Tomorrow is the close encounter between the New Horizons spacecraft and the ninth planet. I read that this mission was inspired by the 1991 space exploration stamp series.
Stamps were 29 cents back then. Nice to know this is outdated in more ways than one.
This is a flyby like the Voyager missions, not an orbiting mission. A computer glitch a few days ago has been resolved, and more pictures are being sent back to Earth.
This is the far side of Pluto, from 2.5 million miles away.
What we know so far:
New Horizons was launched in 2006 and is moving at an Earth-relative speed of 36,373 mph. It is 31.9 AU or approximately 3 billion miles away from home, and it takes the signal four and a half hours to reach Earth.
Pluto’s newly estimated size [1,473 miles (2,370 kilometers) in diameter] means that its density is slightly lower than previously thought, and the fraction of ice in its interior is slightly higher. Also, the lowest layer of Pluto’s atmosphere, called the troposphere, is shallower than previously believed…
Nix and Hydra were discovered using the Hubble Space Telescope in 2005. Even to Hubble, they appeared as points of light, and that’s how they looked to New Horizons until the final week of its approach to Pluto…Nix is estimated to be about 20 miles (about 35 kilometers) across, while Hydra is roughly 30 miles (roughly 45 kilometers) across. These sizes lead mission scientists to conclude that their surfaces are quite bright, possibly due to the presence of ice.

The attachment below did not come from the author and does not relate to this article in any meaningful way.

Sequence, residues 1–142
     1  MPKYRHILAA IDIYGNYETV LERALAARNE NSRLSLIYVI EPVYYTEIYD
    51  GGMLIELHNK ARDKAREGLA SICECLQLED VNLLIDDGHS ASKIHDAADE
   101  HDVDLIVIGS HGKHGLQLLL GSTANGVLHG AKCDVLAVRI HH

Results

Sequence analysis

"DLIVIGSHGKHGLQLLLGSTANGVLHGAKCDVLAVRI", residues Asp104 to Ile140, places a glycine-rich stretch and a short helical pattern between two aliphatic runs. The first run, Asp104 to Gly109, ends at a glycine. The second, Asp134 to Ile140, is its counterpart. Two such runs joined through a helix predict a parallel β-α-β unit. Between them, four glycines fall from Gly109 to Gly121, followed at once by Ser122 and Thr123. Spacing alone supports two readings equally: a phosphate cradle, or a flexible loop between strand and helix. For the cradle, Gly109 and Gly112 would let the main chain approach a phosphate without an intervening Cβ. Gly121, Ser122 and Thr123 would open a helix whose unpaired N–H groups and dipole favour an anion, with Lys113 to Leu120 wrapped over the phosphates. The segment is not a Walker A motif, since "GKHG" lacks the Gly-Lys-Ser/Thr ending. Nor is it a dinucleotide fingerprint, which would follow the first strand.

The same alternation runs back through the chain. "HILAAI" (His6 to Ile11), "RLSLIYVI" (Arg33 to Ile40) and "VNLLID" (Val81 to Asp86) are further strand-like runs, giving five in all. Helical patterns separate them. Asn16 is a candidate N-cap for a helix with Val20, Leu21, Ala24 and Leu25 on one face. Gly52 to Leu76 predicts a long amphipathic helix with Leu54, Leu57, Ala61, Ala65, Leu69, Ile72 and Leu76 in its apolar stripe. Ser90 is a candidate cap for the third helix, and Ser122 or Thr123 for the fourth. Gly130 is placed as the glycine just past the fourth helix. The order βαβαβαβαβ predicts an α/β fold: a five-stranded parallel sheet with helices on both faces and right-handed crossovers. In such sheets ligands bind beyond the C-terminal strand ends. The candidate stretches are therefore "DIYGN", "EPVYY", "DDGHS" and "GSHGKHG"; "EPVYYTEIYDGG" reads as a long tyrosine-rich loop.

Other NASA craft are supporting this mission, including Cassini, Kepler, the SOFIA airborne observatory, and the Spitzer and Hubble Space Telescopes.
Because of the sheer amount of data and the number of spacecraft using the Deep Space Network, it will take a year for all of the data from the flyby to reach Earth.
New Horizons will continue on to the Kuiper Belt, heading in the direction of the constellation Sagittarius.